Brain Health

Move Forward After a Diagnosis By Envisioning Your New Life

Your ADHD diagnosis may have made life seem different and confusing — and it’s normal to need some time to bounce back. But once you have learned to accept ADD as part of who you are, it’s time to follow your dreams. Here’s how to get started.

Ladders to a cloud representing finding success after an ADHD diagnosis
Illustration cartoon ladders to the sky clouds

Part of the grief process for an individual diagnosed with ADHD as an adult is to reshape lost dreams and create a new vision for moving forward now that ADHD — the missing piece — has been discovered.

Here are some exercises and questions I developed to help you do that (excerpted from my book Journeys Through ADDulthood). To begin creating an authentic future for yourself, print or recreate the vision chart at the bottom of the page. Pick one area of the chart and develop an action plan by answering the following questions:

  • What vision of yourself or aspect of your life excites you and speaks to the “real you”?
  • What would you have to do to begin the process of developing that picture?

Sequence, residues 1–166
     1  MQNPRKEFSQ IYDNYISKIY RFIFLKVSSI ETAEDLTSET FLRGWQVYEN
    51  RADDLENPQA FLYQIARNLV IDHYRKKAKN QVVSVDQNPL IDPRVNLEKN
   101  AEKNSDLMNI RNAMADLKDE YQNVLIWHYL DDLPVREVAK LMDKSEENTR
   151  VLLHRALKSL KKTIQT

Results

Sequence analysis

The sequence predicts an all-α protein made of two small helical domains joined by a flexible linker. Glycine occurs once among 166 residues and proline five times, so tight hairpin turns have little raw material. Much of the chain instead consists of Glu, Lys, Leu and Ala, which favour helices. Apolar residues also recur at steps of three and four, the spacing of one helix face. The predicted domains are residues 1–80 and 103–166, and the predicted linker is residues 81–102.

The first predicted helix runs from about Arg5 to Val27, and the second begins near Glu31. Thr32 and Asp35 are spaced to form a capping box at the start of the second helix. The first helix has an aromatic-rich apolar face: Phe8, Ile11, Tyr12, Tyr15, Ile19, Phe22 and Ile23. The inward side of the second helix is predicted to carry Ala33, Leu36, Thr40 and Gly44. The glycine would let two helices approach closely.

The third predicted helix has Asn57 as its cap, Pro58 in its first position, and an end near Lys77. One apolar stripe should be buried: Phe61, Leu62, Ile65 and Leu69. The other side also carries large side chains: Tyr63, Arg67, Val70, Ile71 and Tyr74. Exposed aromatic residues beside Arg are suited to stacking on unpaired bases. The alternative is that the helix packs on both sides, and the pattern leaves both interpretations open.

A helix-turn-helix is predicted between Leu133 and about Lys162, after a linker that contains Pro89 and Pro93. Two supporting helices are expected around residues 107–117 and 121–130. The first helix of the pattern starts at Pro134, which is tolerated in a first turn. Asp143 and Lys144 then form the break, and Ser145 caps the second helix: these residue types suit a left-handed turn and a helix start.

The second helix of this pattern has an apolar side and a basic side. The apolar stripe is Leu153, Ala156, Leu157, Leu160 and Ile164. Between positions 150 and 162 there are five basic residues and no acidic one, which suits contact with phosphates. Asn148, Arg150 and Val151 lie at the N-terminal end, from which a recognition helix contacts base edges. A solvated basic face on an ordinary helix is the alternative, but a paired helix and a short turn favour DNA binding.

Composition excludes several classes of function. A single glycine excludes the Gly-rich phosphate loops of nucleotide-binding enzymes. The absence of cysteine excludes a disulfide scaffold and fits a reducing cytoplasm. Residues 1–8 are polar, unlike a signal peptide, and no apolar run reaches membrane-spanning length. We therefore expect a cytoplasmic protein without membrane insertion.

• What would be difficult about doing this? What internal barriers might prevent you from taking action?
  • What new support could you put in place to help you with this?
  • What new external structure could you put in place to help you with this?
  • What is the first small step you can take toward creating this picture? When will you take it?
  • What will you do if you get stuck?

[Free Download: Secrets of the ADHD Brain]

Here’s what you need to do if you get stuck:

  1. Plan a first step — the smallest first step you can. For instance, call someone for information or look it up online. (A step that may seem small may not actually be small enough if you’re having trouble taking it.)
  1. If that’s more than you’re ready to do, start by looking up the number or even just find the phone book under the pile of stuff.

Next, ask yourself:

  1. What would be hard about taking this first step?
  1. What would prevent me from taking it? Is it the fear of being overwhelmed or of increased pressure?
  1. What would actually happen if I did take this step?
  1. What personal strengths of mine would help me take it?

Tell your plan to one person who can envision your being able to accomplish it. Keep checking in to confide to this person any fears or resistance you may be experiencing. Remember that this individual is not there to judge your performance, but to help you stay focused on the meaning of your quest.

[Click to Read: Getting Things Done Without Getting Bogged Down]

Where Would You Like to Go?

Write a short description (or make a picture) that captures the true essence of how you would like your life to look in each of these areas.


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